Khaddi Sagnia, World Athletics Championships in 2015 - ©Diego Azubel / EPA
Humans have really large butts. Your cat or dog, by contrast, has a very tiny bottom.
Dogs and cats have tiny bottoms
Chances are you’ve never stopped to think about how unique your own derriere is. Primate species are unique in having distinctive buttock anatomy—our buttocks allow us to sit upright without resting our weight on our feet, the way our pets do. Human buttocks, which are particularly muscular and well-developed, empower us to be bipedal, and propel us forward in walking and running. Even if you’re thinking, ‘I don’t have much of a butt at all,’ there’s no comparison between your behind—which has great potential!—and an ape's.
Our primate cousins have similar, but much less-developed gluteal muscles than we do.
Older scientific sources often cite walking as the reason for our large buttocks. Gluteus maximus and medius are important in stabilizing the pelvis and trunk—they keep us from tipping over when we lean into a brisk walk, as well as during older caveman-style activities like throwing and clubbing. (Marzke)
We also know that the gluteal muscles are key for running. The Olympic track and field athletes you’ve been watching in the last few weeks have strong glutes not only for balance, but also to power their bodies across the track, over hurdles, and through the air. All that energy and propulsion comes from the powerhouse of the lower body—the buttocks.
Khaddi Sagnia, long jumper, with well-developed glutes, walking down the track.
I believe that top athletes like Khaddi Sagnia dominate their sports not just from doing reps at the gym and on the field, but also from doing ‘Downtime Training®’—that is, practicing everyday tasks with excellent, natural form. When the glutes are strongly activated in walking, every step is a rep. This is a good example of Downtime Training. As we can clearly see in Khaddi’s example, even her breezy walk down the track prepares her glutes for running and jumping.
Here you can see a video of Swedish long-jumper Khaddi Sagnia, who provides a beautiful example of well developed, active glutes.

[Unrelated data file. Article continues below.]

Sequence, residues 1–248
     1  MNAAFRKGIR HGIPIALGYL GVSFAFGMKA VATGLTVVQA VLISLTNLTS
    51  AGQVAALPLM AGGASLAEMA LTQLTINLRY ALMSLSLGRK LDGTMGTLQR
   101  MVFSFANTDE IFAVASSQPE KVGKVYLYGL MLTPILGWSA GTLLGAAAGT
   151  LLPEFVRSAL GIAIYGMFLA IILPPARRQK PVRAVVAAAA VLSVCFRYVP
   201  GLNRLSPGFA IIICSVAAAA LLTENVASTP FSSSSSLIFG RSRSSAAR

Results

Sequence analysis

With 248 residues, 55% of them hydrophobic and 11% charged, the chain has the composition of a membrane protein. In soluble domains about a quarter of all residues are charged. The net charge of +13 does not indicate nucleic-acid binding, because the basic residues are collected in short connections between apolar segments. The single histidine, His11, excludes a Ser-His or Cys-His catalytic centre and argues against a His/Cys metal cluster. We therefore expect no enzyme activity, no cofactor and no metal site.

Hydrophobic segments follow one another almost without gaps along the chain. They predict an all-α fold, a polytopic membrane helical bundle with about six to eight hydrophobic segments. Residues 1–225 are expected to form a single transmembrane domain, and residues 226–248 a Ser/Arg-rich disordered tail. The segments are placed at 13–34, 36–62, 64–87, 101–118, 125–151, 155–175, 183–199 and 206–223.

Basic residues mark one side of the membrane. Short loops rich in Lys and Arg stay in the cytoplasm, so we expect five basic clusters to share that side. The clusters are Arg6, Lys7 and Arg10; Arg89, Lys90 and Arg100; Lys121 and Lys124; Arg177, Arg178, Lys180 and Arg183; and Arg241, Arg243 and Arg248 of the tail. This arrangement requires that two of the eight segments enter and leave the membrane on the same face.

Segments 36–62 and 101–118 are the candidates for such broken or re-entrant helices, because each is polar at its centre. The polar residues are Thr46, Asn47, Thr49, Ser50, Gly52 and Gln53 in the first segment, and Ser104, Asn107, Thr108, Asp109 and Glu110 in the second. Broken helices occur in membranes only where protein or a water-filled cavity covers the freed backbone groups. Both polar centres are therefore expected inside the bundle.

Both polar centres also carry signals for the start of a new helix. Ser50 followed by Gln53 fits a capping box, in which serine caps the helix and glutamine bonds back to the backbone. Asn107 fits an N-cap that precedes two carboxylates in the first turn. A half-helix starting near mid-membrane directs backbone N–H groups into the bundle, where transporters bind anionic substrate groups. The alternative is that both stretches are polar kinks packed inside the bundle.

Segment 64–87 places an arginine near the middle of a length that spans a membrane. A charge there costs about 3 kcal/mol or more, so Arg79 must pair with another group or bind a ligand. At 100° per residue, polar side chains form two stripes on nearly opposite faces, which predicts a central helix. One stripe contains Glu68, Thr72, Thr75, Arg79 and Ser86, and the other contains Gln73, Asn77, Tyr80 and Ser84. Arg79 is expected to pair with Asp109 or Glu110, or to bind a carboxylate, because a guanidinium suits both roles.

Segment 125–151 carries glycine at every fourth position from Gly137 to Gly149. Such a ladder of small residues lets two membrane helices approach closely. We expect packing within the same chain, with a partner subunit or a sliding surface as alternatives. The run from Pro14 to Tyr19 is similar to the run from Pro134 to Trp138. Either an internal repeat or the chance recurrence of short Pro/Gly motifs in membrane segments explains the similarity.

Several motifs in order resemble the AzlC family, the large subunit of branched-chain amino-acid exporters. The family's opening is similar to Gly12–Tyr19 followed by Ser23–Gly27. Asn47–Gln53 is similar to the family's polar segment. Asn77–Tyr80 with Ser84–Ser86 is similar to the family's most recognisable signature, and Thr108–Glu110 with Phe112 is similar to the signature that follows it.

Does an ideal walk select for athletic excellence, or does athletic training result in an excellent stride? I believe the two support each other. Someone who already has well-developed muscles from an excellent gait is more likely to excel at sports that involve running, jumping, and lunging; conversely, vigorous use of the glute pack and posterior chain in a sport will predispose a person to have a stronger, better co-ordinated stride. I believe that athletes competing at the Olympic level experience an upward spiral of healthy movement patterns reinforcing athletic excellence, which in turn reinforces healthy movement patterns.
Some recent scientific studies, citing electromyographic (EMG) experiments, have concluded that the gluteus maximus muscle is minimally active in many activities such as walking or climbing stairs, while being highly active during running. In an interview published in Nature about research on how humans evolved to be distance runners, Daniel Lieberman of Harvard claims that running seems to be the only reason that we have prominent buttocks. He has measured the activity of gluteus maximus in volunteers during a walk and a jog and says:
"When they walk their glutes barely fire up. But when they run it goes like billy-o." (Hopkin)
I believe that Lieberman’s finding reflects degenerate modern industrial gait more than it does an evolutionary truth about our species.